The fragility inherent to the governance of regulatory standards and the impact that it has on the validity of the training and accreditation of persons working in the building and construction sector was once again on display with the reporting of a case in NSW that involved industrial scale fraud to sell essential workplace credentials.
In this instance, the training qualification related to the AQF level 1 course “CPCCOHS1001A Work Safely in the Construction Industry.” Whilst the learning content and complexity of this single unit of study is fairly simplistic in nature, it is directly linked to the issuance of a ‘white card’ or general ‘Construction Induction Card’ (CIC). The qualification and accreditation is required for all workers who want to carry out construction work.
This requirement is part of the NSW Work Health & Safety Act and Regulation (2011) and is replicated by equivalent legislation that operates in most other states and territories, albeit with the nomination of a different ‘colour’ for their cards. It’s another example of the absurdity of the abandonment of a simple COAG reform that could easily establish a uniform, single point process that would mark us down as a smart ‘nation’ rather than just a bunch of separate, and at times, disparate, states and territories happy to plod along within our own quirky jurisdictions.
Safework NSW (formerly NSW Work Cover) is our authority on this matter and on their website they claim that people who need a white card include:
- Site managers, supervisors, surveyors, labourers and tradespeople
- People who access operational construction zones (unaccompanied or not directly supervised by an inducted person)
- Workers whose employment causes them to routinely enter operational construction zones.
They probably thought they ran a pretty tight ship to ensure the validity of their system. The training and subsequent qualification must only be delivered by an ‘approved RTO’ to obtain the white card. That all sounds pretty rigorous until you have a close look at just how many ‘approved’ RTOs actually exist. It’s not difficult to become an official registered training provider with ASQA but it does come with some financial cost. The vast majority of RTOs are SMEs that must focus on issuing as many qualifications within the shortest periods of time to recoup their investment and keep all the wheels turning.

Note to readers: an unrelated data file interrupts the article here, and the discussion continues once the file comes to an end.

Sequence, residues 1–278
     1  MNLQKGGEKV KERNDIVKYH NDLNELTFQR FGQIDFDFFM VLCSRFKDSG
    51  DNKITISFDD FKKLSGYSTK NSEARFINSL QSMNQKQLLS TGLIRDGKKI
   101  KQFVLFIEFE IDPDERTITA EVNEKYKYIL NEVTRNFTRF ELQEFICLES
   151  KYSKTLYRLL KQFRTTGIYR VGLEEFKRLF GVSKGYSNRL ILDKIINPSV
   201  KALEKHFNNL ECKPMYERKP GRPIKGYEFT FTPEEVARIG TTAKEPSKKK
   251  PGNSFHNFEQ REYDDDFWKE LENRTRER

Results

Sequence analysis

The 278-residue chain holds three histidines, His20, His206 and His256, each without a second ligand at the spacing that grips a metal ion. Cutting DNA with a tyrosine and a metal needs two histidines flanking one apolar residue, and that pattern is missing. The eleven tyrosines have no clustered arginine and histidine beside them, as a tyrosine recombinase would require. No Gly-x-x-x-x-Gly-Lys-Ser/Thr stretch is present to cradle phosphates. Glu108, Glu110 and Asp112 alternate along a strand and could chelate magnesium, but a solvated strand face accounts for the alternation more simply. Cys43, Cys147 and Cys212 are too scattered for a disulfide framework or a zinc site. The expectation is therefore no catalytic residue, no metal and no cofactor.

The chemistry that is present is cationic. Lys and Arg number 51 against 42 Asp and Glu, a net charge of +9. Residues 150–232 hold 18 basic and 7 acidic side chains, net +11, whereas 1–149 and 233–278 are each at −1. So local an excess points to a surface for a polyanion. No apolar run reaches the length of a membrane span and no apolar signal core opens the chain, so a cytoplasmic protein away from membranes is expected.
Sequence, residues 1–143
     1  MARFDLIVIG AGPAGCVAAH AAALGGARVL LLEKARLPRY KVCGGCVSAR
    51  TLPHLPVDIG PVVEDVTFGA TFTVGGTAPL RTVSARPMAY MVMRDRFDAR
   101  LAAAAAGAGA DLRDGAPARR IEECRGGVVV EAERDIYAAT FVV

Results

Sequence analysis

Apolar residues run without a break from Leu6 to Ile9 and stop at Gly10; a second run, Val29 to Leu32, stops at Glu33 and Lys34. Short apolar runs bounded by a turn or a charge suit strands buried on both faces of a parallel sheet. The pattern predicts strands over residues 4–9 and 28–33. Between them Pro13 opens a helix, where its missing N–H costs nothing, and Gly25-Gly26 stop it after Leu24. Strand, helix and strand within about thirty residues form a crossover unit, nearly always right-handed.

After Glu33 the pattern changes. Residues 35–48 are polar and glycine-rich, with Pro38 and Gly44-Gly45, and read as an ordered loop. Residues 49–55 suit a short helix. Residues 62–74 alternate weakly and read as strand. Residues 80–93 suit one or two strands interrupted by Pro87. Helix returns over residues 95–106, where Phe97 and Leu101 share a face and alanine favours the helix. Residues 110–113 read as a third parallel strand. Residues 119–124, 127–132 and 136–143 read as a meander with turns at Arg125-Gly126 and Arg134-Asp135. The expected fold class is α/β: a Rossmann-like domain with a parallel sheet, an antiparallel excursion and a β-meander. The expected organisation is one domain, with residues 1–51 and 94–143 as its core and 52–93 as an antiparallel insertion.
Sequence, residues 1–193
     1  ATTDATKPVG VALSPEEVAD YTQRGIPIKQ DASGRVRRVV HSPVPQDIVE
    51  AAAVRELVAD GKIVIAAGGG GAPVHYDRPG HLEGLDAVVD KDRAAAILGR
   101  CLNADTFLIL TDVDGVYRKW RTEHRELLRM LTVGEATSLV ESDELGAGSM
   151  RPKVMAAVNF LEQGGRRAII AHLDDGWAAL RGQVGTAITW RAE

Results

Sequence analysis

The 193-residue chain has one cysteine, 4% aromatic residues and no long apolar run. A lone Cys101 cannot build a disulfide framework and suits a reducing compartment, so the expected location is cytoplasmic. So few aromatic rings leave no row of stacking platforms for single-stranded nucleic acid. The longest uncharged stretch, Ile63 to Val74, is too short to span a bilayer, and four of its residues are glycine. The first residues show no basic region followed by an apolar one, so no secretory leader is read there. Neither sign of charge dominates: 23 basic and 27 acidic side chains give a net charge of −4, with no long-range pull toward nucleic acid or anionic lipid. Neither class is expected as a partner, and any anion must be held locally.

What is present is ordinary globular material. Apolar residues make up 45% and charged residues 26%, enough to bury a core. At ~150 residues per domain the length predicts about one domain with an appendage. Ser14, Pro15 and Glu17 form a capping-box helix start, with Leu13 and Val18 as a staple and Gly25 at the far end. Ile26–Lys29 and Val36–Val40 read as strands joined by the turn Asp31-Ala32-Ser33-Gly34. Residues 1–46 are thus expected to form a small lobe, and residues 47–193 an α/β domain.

In NSW, the training and assessment process for the CPCCOHS1001A qualification cannot be done via on-line computer based delivery, so there is some degree of ‘face to face’ training and assessment that must be done by the RTO to prove the person undergoing the training and assessment and being issued with the qualification and card is actually the same person. But there is a glaring loophole in the process. Here’s how Safework NSW describes it on their website:
“Construction workers can work in NSW using construction induction cards issued by other states and territories.”
See what they just did? The wonders of such obvious inconsistency across multiple sets of bureaucracies is a constant source of amusement and also offers up occasional enterprising opportunities if you were so inclined. And both inclination and enterprise are what led Mr. Kelvin Fong to procure up to 400 ‘white card’ qualifications, along with some other qualifications to obtain accreditation for high risk work categories such as ‘working at height’ and sell them to other unidentified persons.
In March, the Daily Telegraph’s Sarah Crawford reported that:
“Police fear hundreds of people with limited English are working illegally on building sites across the state using dodgy construction induction cards after paying a Sydney man to sit their tests for the certificates. Kelvin Fong, 37, was jailed for at least six months for procuring up to 400 construction induction cards — known as “white cards” — and Working at Heights Certifications for unqualified workers in what Magistrate Jennifer Giles described as a “breathtakingly serious offence” that “filled her with dread”. “You have armed people whose English is poor and who are entirely unqualified to be on building sites and you have armed them to be there with numerous of our families, relatives and friends working on those sites,” she said last week. The court was told that authorities were unable to track down most of the card holders — meaning there could be hundreds of people still working.”